Powerful New Bernie Sanders Video Features Activist Whose Father Was Killed by Police

It Was Directed by Paul Hairston and Julian Mulvey out of New York Production Company Acres

Published On
Feb 12, 2016

Editor's Pick

In this four-minute online film released by the Bernie Sanders campaign, Erica Garner talks about her life as an activist in the wake of the 2014 death of her father Eric, who died in a police chokehold that a bystander caught on video. (A New York grand jury declined to bring charges against the officer who killed Eric Garner. The U.S. Justice Department then launched a civil rights investigation; a grand jury is currently hearing evidence on the case.)

"I was able to see my dad die on national TV," she says in the powerful film, before going on to explain why she identifies with Sen. Sanders and has endorsed him. Clips of Sanders speaking on the campaign trail -- "When a police officer breaks the law, that officer must be held accountable," he says -- are interspersed with scenes of Garner leading street protests.

Titled "It's Not Over," the film was directed by Paul Hairston and Julian Mulvey out of New York production company Acres.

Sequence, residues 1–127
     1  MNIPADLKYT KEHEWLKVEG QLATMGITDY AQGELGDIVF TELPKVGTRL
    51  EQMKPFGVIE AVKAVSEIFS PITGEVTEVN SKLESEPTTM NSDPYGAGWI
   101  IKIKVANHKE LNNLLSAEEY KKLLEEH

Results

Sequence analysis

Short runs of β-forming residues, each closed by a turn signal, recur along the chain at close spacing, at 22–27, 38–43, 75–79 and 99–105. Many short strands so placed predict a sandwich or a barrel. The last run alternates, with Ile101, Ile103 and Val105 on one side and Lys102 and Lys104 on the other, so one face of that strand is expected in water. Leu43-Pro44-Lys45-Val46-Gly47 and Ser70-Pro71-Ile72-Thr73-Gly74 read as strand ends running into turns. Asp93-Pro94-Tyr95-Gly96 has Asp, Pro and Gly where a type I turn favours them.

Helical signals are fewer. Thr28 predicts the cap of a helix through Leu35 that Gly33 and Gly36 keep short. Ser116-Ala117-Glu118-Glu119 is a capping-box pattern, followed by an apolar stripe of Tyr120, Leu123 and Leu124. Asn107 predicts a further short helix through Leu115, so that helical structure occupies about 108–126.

MSNBC political correpondent Kasie Hunt tweeted last night: "Sanders campaign has a 2-minute Erica Garner vid they will air on national cable. They tried to buy 4 min on CNN, MSNBC, BET -- turned down." In a follow-up response to one of her followers on Twitter, she added, "There just isn't any such thing as a 4-minute commercial break so it's not really possible to air an ad that long."

As CNN reported, Bernie Sanders met with civil rights activist Al Sharpton in Harlem on Wednesday, as "part of the Vermont senator's effort to court support among the African-American community." Among the topics they discussed: police brutality.

Last August, a Gallop poll indicated that Hillary Clinton enjoyed an 80% favorable rating among U.S. blacks; at the time only 33% of U.S. blacks had heard of Bernie Sanders.

Previously, Sen. Sanders' campaign released an ad that called on diverse groups to "Vote Together," as well as another, set to Simon & Garfunkel's "America," that tugged on heartstrings.